Ceramic water filters are locally manufactured in more than 50 countries worldwide , are considered one of the most promising household water treatment methods , and application of silver nanoparticles (nAg or AgNP) or silver nitrate (AgNO3) has been shown to reduce biofilm formation within, and improve the microbiological efficacy of, ceramic water filters . There are benefits and drawbacks to either form of silver applied to ceramic filters; silver nitrate can be purchase locally and is less expensive, while silver nanoparticles must be imported. However silver nitrate elutes more quickly, and silver concentrations in treated drinking water are more likely to exceed World Health Organization guidelines if applied at concentrations sufficient to improve disinfection performance [4, 7]. Thus, silver nanoparticles are recommended for use in ceramic filter factories .
In the Mittelman et al.
3 study, the impacts of nanoparticle detachment, dissolution, and cation exchange on silver elution was investigated as a function of influent water pH (5–9), ionic strength (1–50 mM), and cation species (Na+, Ca2+, Mg2) from filter disks painted with 0.03 mg/g casein-coated (nAg) or (AgNO3). Under all conditions and regardless of the applied silver form, silver elution was controlled by the release of Ag+ and subsequent cation exchange reactions within the ceramic filter. Overall, > 99% of silver was eluted as dissolved Ag+ form rather than in the nanoparticle (nAg) form.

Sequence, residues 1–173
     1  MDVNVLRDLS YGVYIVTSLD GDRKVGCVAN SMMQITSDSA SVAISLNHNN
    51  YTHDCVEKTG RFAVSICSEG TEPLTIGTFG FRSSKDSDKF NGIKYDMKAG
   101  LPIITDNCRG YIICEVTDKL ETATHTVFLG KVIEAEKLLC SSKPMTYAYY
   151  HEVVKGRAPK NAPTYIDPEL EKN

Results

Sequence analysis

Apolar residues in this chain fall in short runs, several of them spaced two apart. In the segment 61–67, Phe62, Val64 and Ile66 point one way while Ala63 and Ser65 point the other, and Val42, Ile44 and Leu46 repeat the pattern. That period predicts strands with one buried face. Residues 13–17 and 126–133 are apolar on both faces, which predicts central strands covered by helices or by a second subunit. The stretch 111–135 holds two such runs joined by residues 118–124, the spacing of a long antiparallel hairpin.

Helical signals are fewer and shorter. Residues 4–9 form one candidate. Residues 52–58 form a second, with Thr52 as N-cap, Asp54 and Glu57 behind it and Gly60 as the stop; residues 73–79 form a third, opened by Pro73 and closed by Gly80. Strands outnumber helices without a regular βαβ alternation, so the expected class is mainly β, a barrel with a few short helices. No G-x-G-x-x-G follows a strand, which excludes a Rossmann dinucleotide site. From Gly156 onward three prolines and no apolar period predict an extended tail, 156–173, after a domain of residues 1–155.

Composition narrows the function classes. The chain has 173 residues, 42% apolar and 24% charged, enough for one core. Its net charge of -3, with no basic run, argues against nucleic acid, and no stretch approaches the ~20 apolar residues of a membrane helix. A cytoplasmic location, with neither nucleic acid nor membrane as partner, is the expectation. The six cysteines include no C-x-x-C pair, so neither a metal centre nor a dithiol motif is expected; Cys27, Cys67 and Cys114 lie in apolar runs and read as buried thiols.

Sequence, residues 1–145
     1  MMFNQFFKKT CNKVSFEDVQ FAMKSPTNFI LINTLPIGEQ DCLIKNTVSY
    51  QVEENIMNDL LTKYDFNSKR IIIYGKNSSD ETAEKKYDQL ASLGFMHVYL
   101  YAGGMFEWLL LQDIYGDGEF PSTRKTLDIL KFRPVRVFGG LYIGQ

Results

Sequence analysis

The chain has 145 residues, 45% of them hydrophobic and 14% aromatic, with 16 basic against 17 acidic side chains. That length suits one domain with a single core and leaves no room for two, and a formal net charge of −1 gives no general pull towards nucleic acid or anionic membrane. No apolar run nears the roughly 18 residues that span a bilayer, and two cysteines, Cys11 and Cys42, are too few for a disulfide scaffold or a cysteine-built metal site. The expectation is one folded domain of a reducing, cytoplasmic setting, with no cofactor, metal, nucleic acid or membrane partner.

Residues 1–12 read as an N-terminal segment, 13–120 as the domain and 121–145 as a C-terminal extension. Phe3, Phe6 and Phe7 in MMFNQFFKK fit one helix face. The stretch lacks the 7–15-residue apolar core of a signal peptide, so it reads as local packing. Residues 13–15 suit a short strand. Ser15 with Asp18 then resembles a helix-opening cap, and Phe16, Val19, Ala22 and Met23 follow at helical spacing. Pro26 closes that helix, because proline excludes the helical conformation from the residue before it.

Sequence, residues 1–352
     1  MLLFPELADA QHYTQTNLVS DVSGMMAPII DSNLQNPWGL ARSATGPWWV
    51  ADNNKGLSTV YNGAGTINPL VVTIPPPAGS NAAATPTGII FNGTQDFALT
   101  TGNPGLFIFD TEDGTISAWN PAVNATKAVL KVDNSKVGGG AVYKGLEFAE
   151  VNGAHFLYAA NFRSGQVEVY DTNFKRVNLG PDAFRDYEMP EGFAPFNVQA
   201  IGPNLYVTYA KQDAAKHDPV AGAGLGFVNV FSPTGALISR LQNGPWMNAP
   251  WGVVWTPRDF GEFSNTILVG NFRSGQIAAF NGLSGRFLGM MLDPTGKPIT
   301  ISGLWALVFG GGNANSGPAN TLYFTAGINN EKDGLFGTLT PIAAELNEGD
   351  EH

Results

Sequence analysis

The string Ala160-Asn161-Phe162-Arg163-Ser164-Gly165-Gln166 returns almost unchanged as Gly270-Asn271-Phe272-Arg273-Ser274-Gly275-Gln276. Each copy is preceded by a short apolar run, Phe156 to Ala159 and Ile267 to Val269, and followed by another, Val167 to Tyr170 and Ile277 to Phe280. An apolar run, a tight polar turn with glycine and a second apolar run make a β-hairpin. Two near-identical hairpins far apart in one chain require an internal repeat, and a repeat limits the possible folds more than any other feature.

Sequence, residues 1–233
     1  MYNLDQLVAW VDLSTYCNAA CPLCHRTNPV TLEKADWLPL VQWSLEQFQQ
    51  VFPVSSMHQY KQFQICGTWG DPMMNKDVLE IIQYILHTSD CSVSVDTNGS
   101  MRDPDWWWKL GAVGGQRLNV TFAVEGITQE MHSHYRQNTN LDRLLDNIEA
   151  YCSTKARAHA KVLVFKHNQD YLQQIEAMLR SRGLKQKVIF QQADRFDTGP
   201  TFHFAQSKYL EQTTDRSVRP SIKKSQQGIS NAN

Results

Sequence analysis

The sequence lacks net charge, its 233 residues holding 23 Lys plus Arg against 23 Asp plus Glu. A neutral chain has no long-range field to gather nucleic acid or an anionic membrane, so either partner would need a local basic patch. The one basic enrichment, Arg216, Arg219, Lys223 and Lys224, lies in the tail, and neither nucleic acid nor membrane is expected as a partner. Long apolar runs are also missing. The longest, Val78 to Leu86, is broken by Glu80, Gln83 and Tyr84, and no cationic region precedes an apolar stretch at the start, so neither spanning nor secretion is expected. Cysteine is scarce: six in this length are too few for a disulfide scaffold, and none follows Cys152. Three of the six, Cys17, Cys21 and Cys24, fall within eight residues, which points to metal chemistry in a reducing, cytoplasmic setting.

Thus, silver nanoparticles were not directly released into drinking water from ceramic filters impregnated with nAg, rather Ag+ eluted from ceramic filters (regardless of whether they were painted with silver nanoparticles or silver nitrate solution). Since all 16 studies identified in the Fewtrell et al.  review focused on the genotoxic risk of silver nanoparticles (nAg), rather than the risk from silver ions, the conclusions of the Fewtrell et al.  are not applicable to exposure from drinking water treated with locally-manufactured ceramic filters impregnated with silver nanoparticles or silver nitrate.
Additionally, a recent study by Li et al.  examined the mechanisms of genotoxicity of nAg and Ag+, using a mammalian cell micronucleus assay. Their work incorporated gene expression analysis, measurements of oxidative stress, and the use of a reactive oxygen species scavenger and a chelator to evaluate the role of Ag+ in the genotoxicity of nAg. The authors found that silver ions (Ag+) did not release hydroxyl radicals and concluded: “These results suggest that, although both AgNPs and Ag+ can cause genotoxicity via producing oxidative stress, the mechanisms are different and the nanoparticles, but not the released ions, are mainly responsible for the genotoxicity of AgNPs.”
Thus, the primary exposure to silver nanoparticles with regards to ceramic filters is to employees during production, not users drinking the water. In ceramic filter factories, silver is imported in either a powder or concentrated liquid form . Employees typically prepare a concentrated silver solution once per week or month, depending on production, and dilute the solution as needed for application to ceramic filters. It is currently recommended that employees wear N95 masks to reduce exposure when preparing powdered or liquid silver nanoparticles, and wear gloves when applying dilute solution onto filters . Fewtrell et al.  are correct in stating that “health and safety precautions are not strictly adhered to in the production of ceramic filters in low income countries”  and while the only study included in the Fewtrell et al.  paper that evaluated exposure via inhalation found no difference, maintaining precautionary administrative controls and personal protection equipment use to minimize exposure when handling silver is still advised. Additionally, the key health risk of silica exposure during clay processing for employees in ceramic filter factories should also be ameliorated with personal protective equipment .